Interdisciplinary Studies Program
BACHELOR OF ARTS DEGREE
The Interdisciplinary Studies Program provides an opportunity to integrate interests in two areas of study within the framework of an individualized plan. Building on the scope of disciplines studied in The Concordia Distinctive-Liberal Arts Core, students in this program develop depth of knowledge in two self-selected areas of study along with support courses, electives and experiences that enhance their graduation plan. The program is designed to provide invaluable employable skills by building analytical and critical thinking, communication and problem solving skills.
The Art Area of Study engages students in the study of visual arts within a liberal arts education by exposing them to past and current approaches to creativity while developing their understanding and appreciation of world art. Students in this program learn the principles and vocabulary of visual arts, become familiar with key artists, artworks and styles of world art, develop a deeper understanding and appreciation of art while developing their creative skills, and develop and produce a portfolio of original artwork suitable for professional presentation. View Career Outcomes
The English Area of Study is designed to enable an appreciation of literature and its relationship to disciplines across the curriculum, recognizing the need for the literary arts to work in harmony with other arts and sciences. Students will develop skills in critical thinking, effective communications, and information literacy—skills highly valued in many professions. Students in this program will develop a depth and breadth of literary knowledge, the ability to gather, analyze and evaluate source material and craft a persuasive argument, and demonstrate effective oral, written and electronic communications skills. View Career Outcomes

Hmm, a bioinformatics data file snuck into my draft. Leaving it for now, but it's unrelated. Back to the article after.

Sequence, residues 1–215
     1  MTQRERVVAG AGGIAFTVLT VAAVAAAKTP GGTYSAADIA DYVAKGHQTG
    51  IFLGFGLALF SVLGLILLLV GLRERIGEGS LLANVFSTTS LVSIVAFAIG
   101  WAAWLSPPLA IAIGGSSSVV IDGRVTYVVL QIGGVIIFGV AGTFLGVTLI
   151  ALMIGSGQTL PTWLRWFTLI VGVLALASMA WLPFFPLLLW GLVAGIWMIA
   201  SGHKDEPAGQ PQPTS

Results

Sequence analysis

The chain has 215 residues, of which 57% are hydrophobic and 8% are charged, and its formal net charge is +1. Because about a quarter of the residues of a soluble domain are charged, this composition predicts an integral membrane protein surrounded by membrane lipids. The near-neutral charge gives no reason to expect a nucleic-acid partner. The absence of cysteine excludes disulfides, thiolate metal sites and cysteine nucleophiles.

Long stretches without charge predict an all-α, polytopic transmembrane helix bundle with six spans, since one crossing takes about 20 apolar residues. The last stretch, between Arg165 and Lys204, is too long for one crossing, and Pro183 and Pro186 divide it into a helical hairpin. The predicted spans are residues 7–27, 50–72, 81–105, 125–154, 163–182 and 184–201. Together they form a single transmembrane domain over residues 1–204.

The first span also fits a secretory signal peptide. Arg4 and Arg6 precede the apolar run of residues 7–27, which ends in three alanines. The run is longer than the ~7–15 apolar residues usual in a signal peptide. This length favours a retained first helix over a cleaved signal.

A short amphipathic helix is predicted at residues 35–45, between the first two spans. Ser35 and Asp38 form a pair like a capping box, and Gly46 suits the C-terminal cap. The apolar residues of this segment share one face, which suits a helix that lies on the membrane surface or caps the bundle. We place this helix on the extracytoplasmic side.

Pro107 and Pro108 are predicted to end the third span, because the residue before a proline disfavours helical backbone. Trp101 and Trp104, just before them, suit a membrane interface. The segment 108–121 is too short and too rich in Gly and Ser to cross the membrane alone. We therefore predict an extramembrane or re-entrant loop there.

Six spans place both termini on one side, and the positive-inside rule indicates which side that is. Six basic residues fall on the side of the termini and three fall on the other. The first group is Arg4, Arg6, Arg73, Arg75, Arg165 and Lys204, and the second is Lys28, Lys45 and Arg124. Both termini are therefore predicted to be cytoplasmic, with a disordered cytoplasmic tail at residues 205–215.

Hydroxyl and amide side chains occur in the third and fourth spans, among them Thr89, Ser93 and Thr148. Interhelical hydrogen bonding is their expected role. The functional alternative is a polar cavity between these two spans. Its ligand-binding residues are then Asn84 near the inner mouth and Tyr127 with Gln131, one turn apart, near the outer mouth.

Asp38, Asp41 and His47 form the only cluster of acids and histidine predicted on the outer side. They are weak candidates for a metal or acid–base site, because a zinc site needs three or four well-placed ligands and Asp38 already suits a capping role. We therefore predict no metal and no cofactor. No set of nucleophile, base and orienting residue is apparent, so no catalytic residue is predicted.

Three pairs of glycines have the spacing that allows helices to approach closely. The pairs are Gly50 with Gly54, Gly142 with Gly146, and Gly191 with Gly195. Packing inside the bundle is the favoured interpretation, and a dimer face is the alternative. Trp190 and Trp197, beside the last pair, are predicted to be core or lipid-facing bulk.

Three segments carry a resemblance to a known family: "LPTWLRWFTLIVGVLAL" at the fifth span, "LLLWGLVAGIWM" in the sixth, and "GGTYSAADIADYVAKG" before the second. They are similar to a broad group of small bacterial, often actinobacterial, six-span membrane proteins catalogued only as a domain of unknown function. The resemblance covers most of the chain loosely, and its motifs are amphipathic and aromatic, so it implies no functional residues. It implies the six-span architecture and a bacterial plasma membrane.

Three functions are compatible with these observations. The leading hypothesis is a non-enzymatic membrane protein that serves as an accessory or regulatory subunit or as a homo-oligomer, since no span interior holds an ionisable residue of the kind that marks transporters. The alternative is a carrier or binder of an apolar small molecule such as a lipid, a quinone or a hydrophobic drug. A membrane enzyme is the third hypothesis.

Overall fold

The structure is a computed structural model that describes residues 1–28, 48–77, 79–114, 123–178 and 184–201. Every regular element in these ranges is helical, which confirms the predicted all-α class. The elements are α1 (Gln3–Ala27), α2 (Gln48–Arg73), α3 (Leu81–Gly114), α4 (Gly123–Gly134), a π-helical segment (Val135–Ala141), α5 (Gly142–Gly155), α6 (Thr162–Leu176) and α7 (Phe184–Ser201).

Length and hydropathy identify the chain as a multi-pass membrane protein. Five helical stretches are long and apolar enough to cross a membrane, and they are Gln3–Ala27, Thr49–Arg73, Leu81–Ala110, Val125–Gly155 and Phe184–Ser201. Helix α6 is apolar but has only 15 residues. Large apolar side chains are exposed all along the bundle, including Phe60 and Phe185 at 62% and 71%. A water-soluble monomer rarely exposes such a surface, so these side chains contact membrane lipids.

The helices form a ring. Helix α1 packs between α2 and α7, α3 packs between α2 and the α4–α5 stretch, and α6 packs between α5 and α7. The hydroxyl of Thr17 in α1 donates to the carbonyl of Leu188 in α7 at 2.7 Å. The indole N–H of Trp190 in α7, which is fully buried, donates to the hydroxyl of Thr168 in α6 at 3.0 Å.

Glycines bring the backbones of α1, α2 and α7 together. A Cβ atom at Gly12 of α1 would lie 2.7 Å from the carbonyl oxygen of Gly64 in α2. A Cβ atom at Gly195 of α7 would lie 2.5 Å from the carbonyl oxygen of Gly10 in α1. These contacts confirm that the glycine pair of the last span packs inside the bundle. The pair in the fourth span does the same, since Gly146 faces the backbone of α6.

Students in the History Area of Study will study past human experiences and gain knowledge about ourselves and others. The study of history enriches one’s abilities to think critically on a variety of different topics. But more importantly, it can help to enable one to imagine and empathize with people in a variety of different environments. Students in this program develop a general sense of the chronology of Western and world history, learn to understand the dynamics of history, its causes and consequences, how to interpret historical events, express their historical perspectives orally and in writing, and gain a better understanding of their place and purpose in history. View Career Outcomes